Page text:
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Financial Planning > College Planning > Student Loan Debt

The Dangers of Co-signing a Grandchild’s Student Loan

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What You Need to Know

  • U.S. student loan debt now weighs in at $1.7 trillion, with 9 million people over age 50 holding that debt.
  • Grandparents need to know the dangers, including bankruptcy, of co-signing student loans.
  • Clients have other options to aid in their grandchild's higher education.

Though good news for many, President Joe Biden’s recent student loan cancellation moves highlight an enormous problem. Student loan debt in this country now weighs in at $1.7 trillion, and it generally takes the average student more than 20 years to repay their loan.

It’s no wonder grandparents want to help their grandchildren pay for college. And a lot of them do: The Department of Education recently reported that close to 9 million Americans over 50 have student debt. Betsy Mayotte, president of the Institute of Student Loan Advisors, says that Americans over 65 are the fastest-growing population carrying student loan debt.

Offering financial assistance with higher education seems like a well-intended and loving act, but when it comes to co-signing a grandchild’s student loan, clients need to understand:

  • Any loan they co-sign will show up on their credit report. Once grandparents co-sign a loan, that debt belongs to them as much as it does to their grandchild.
  • Late payments will show up on their credit score. If a grandchild doesn’t pay on time, any co-signers are negatively affected as well. They could be subject to collections, lawsuits, wage garnishments, and even liens on their bank accounts.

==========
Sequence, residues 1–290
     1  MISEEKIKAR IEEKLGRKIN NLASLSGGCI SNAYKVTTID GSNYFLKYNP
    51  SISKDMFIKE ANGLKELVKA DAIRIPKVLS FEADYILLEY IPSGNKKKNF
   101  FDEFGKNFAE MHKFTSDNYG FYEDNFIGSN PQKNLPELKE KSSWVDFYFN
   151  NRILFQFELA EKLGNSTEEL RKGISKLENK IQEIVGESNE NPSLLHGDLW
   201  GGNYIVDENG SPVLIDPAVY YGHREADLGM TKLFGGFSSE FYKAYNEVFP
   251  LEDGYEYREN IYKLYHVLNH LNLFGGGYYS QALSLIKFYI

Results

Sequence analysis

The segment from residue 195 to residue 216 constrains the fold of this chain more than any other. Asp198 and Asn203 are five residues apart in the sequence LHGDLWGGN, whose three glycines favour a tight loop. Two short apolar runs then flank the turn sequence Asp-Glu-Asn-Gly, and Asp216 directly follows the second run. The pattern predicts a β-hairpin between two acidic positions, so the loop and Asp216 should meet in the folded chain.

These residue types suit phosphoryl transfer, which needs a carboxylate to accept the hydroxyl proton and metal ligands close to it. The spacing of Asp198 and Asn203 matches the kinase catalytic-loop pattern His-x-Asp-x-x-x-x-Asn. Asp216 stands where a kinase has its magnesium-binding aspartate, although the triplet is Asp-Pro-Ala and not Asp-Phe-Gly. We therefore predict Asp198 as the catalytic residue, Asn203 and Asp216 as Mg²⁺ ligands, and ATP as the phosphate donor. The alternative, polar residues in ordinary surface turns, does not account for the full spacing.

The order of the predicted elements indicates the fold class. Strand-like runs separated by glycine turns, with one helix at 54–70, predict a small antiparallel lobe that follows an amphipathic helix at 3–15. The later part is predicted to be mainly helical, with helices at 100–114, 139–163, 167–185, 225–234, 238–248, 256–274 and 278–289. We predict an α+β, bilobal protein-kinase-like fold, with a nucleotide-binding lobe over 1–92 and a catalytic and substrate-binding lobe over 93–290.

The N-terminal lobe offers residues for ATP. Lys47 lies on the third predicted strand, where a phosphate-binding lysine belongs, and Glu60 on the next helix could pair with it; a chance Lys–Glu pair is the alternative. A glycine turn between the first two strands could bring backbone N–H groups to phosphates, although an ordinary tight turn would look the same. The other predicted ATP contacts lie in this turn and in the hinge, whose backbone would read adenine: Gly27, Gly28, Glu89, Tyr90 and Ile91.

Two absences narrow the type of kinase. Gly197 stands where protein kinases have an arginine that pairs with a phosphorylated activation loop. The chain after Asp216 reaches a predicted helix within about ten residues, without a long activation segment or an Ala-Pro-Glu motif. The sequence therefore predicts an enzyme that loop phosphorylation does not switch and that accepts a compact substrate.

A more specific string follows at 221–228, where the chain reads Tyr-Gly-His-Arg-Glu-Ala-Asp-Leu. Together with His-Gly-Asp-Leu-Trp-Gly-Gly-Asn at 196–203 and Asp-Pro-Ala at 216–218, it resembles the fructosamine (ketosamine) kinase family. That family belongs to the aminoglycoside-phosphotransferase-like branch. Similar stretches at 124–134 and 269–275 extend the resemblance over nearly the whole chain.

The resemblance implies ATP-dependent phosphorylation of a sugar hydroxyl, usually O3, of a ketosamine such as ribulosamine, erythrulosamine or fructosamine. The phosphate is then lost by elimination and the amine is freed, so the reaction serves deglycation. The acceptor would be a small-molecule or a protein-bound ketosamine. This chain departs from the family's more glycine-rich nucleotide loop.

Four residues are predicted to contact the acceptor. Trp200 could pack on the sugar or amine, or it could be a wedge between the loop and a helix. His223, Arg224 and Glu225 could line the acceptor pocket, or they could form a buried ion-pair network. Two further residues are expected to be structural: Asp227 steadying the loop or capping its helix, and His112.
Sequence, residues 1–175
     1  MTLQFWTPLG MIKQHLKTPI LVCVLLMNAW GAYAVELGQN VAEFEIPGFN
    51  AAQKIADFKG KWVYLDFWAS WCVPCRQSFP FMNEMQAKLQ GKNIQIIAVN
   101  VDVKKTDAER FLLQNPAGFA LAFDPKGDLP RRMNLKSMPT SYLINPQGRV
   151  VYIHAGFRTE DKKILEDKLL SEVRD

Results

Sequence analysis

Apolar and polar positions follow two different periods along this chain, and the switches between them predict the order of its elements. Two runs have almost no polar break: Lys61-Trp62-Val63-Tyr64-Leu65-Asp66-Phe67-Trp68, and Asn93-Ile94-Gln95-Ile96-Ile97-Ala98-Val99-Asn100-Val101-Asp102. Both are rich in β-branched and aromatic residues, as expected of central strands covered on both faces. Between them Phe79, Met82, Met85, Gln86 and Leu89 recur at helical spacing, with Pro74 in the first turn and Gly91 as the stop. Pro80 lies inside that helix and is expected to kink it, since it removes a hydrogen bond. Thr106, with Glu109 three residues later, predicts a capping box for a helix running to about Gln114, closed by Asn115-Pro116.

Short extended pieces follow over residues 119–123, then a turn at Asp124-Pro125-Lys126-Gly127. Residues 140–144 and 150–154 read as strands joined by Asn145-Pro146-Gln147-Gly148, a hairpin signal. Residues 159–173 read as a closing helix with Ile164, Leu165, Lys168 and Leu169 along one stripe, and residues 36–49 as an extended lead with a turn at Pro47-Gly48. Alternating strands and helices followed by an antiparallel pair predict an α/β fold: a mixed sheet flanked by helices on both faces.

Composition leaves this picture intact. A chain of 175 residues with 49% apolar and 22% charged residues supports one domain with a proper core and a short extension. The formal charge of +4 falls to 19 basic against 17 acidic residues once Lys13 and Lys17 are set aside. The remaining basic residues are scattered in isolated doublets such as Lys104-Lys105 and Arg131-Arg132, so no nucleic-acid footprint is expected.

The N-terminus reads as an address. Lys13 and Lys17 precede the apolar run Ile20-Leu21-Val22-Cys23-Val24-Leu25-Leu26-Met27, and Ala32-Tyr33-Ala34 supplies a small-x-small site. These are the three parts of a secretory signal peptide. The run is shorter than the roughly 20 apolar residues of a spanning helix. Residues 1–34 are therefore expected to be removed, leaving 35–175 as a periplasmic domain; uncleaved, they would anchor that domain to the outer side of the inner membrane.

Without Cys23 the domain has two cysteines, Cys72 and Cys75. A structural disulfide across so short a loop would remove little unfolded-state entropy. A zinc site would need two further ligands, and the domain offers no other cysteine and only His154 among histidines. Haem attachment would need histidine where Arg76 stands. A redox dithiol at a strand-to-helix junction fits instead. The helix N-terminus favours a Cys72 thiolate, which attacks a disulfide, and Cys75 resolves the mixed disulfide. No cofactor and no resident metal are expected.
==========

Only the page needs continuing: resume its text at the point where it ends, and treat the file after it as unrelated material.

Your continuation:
• Taking over payments can have unintended consequences. Some co-signers might be tempted to take over payments to preserve their good credit, but that could make it easier for students not to pay it themselves. After all, owing Grandpa and Grandma is different than owing an institution.
  • Older people with student loans can be more likely than those without such debt to forgo necessary health care. A 2017 report by the Consumer Financial Protection Bureau states that older co-signers are more likely to do without doctor visits, dental care and prescription medicines because they couldn’t afford them.

But what if a client has already co-signed a student loan? First, I would suggest they monitor their credit carefully. Co-signers are not always notified when a payment is late. In fact, they may not be notified until the loan is well into default, such as when they receive a collection letter or lien notice.

Unfortunately, defaulting is not uncommon: According to the CFPB report, almost 40% of federal student loan borrowers 65 and older are in default. And that can lead to bigger problems, as the federal government can offset other benefits to repay a federal student loan, including Social Security.

Other Options

If it comes to a default situation and the grandparents can’t afford to deal with it, they have several options. They can ask their grandchild to reimburse them for any payments, to be released from the loan, or both.

They can explore a settlement for private student loan debt.

And as a last resort, they can declare bankruptcy. There’s a pervasive myth that student loans cannot be reduced or forgiven through bankruptcy, but a study published in the American Bankruptcy Law Journal in 2011 found that 40% of student loan debtors obtained some relief through bankruptcy. More recent data from 2019 showed that increased to more than 50%, according to the study’s author, Villanova University law professor Jason Iuliano.

Of course, none of us want our clients to go bankrupt or go through any financial hardship. That’s why it’s important people know what they’re getting into when they co-sign a student loan, and how that risk plays out for many over-65 debtors.

There are other ways for people to show love for their grandchildren, and even to help finance their higher education — perhaps with a trust where appropriate, without putting themselves at risk.

Ken Moraif, CFP, CRPC, is a senior retirement planner at Retirement Planners of America and author of “Buy, Hold, and Sell!”


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